Science For Sale: Ecologists Call Colleagues 'Biostitutes'

Erik Kiviat knows where the endangered Blanding’s turtle lives—and that has made him a popular man in Dutchess County, N.Y On the one hand, environmental groups opposed to a local housing development have offered to pay Kiviat, who is an environmental consultant, to say that the creature is threatened by the project, even though they know perfectly well that no turtles live in the area. On the other hand, the developers have suggested to Kiviat that if he somehow were to find a turt

Nov 28, 1988
Bruce Stutz

Erik Kiviat knows where the endangered Blanding’s turtle lives—and that has made him a popular man in Dutchess County, N.Y On the one hand, environmental groups opposed to a local housing development have offered to pay Kiviat, who is an environmental consultant, to say that the creature is threatened by the project, even though they know perfectly well that no turtles live in the area. On the other hand, the developers have suggested to Kiviat that if he somehow were to find a turtle on their property, they’d pay him to club it and then forget it ever existed.

Kiviat has rejected both requests. He is, he is proud to say, a field biologist turned environmen tal consultant, not a “biostitute”—the harsh term many scientists use to describe members of their profession who will interpret the results of their fieldwork or laboratory analyses with less concern for good science than for what pleases their clients.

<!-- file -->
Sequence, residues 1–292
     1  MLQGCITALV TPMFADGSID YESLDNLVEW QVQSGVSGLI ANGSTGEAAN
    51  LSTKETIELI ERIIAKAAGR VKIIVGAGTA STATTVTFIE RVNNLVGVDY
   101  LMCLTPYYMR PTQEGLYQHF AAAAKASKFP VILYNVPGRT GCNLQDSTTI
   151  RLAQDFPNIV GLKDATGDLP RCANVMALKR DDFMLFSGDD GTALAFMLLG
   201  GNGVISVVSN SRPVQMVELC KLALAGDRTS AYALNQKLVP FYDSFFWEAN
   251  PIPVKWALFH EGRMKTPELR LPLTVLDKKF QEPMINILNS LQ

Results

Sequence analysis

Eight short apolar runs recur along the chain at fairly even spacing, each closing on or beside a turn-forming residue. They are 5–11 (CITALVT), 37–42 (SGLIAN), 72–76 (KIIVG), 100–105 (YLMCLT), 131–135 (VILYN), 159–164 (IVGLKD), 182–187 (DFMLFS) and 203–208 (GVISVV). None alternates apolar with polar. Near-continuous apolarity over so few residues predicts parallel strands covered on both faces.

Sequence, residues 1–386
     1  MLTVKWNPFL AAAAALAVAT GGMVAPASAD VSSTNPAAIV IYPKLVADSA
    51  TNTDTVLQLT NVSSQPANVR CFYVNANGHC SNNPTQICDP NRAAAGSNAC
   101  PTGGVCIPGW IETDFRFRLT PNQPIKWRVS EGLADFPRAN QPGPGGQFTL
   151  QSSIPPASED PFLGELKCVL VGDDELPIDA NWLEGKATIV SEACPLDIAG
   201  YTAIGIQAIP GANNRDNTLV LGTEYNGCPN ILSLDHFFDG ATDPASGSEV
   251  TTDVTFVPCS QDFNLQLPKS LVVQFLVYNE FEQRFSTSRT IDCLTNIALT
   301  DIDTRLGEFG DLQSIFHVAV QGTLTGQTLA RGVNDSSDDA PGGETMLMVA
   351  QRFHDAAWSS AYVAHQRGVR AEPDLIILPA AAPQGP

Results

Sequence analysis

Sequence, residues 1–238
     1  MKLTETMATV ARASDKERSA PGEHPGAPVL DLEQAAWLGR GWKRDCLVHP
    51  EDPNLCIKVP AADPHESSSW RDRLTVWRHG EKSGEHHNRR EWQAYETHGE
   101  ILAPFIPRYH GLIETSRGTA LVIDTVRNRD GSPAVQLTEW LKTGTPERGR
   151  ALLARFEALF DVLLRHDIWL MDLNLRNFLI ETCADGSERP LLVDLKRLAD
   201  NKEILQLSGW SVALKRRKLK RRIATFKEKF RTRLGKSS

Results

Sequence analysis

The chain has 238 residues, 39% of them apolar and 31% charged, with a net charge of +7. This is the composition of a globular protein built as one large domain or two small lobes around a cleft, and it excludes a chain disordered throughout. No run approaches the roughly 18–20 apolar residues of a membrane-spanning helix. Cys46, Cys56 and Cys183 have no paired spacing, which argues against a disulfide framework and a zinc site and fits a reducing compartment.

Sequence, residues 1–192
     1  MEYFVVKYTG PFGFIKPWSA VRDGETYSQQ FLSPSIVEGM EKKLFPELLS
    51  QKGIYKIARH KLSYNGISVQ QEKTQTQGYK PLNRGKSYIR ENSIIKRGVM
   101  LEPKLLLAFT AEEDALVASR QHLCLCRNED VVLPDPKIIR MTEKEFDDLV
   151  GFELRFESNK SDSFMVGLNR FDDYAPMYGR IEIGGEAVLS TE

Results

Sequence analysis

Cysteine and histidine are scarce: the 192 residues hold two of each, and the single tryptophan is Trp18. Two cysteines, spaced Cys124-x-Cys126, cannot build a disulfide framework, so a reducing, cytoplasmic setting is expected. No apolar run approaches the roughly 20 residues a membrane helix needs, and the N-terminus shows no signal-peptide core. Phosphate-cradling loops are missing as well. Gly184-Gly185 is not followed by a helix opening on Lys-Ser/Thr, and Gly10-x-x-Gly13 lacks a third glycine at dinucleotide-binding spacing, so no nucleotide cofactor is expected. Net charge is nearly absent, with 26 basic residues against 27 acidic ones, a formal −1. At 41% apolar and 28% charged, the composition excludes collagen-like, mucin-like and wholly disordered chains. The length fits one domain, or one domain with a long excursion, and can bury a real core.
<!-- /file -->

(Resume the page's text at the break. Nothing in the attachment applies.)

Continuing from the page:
Biostitution, say many scientists, is growing along with the booming business in private scientific consulting. Besides real estate developers and environmental activists, industries with toxic wastes to dispose of, state and local governments dealing with proposals for landfills and garbage incineration plants, and the federal superfund—EPA’s project for cleaning up the nation’s worst toxic waste sites—are all hiring consultants to assess environmental concerns or plan cleanups.

While many academic scientists say that any science for hire is able to be corrupt, the fact is that more and more scientists are becoming consultants—if not full time, then moonlighting from jobs at universities or museums. The market for Ph.D.’s in environmental consulting has never been better—from engineers who design pollution control strategies to field biologists like Kiviat.

So how many of these consultants don’t have the scruples of Kiviat? Well, last year congressional hearings investigated why the EPA’s pesticide regulations, eight years in the making, had to be scrapped. Industry lawsuits led to the discovery that the data upon which the EPA developed the regulations, all of it developed by outside contractors, would not stand up to scientific review. Laboratory methods upon which the risk assessments for the pesticides were based had been performed without adequate quality controls.

“Not a piddling matter,” as committee chairman Rep. John D. Dingell (D.-Mich.) put it. The regulations would have controlled 200 million pounds of discharge annually of 900 pesticides and 35 priority pollutants. Committee member Ron Wyden (D.-Oreg.) called it: “A story of contracting run amok.”